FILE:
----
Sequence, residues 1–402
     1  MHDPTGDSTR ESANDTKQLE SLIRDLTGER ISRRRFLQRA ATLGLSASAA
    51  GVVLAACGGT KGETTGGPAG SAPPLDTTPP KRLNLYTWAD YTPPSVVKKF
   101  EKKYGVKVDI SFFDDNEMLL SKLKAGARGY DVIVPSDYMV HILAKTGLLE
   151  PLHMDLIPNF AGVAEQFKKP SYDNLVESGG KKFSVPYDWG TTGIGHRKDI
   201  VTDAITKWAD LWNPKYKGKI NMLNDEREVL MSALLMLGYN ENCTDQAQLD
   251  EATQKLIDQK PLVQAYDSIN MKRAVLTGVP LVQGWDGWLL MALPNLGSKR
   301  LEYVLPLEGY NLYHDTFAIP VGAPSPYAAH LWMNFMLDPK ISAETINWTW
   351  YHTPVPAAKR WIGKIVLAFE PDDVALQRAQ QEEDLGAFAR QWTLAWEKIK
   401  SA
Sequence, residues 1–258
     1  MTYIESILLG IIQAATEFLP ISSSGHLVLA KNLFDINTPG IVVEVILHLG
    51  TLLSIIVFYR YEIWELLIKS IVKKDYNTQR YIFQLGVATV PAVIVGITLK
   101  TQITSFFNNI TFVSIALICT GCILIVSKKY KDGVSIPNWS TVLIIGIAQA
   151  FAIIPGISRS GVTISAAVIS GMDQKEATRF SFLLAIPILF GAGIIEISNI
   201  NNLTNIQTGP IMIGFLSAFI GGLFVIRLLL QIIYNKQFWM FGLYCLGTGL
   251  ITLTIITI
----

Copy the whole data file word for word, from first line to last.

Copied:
Sequence, residues 1–402
     1  MHDPTGDSTR ESANDTKQLE SLIRDLTGER ISRRRFLQRA ATLGLSASAA
    51  GVVLAACGGT KGETTGGPAG SAPPLDTTPP KRLNLYTWAD YTPPSVVKKF
   101  EKKYGVKVDI SFFDDNEMLL SKLKAGARGY DVIVPSDYMV HILAKTGLLE
   151  PLHMDLIPNF AGVAEQFKKP SYDNLVESGG KKFSVPYDWG TTGIGHRKDI
   201  VTDAITKWAD LWNPKYKGKI NMLNDEREVL MSALLMLGYN ENCTDQAQLD
   251  EATQKLIDQK PLVQAYDSIN MKRAVLTGVP LVQGWDGWLL MALPNLGSKR
   301  LEYVLPLEGY NLYHDTFAIP VGAPSPYAAH LWMNFMLDPK ISAETINWTW
   351  YHTPVPAAKR WIGKIVLAFE PDDVALQRAQ QEEDLGAFAR QWTLAWEKIK
   401  SA
Sequence, residues 1–258
     1  MTYIESILLG IIQAATEFLP ISSSGHLVLA KNLFDINTPG IVVEVILHLG
    51  TLLSIIVFYR YEIWELLIKS IVKKDYNTQR YIFQLGVATV PAVIVGITLK
   101  TQITSFFNNI TFVSIALICT GCILIVSKKY KDGVSIPNWS TVLIIGIAQA
   151  FAIIPGISRS GVTISAAVIS GMDQKEATRF SFLLAIPILF GAGIIEISNI
   201  NNLTNIQTGP IMIGFLSAFI GGLFVIRLLL QIIYNKQFWM FGLYCLGTGL
   251  ITLTIITI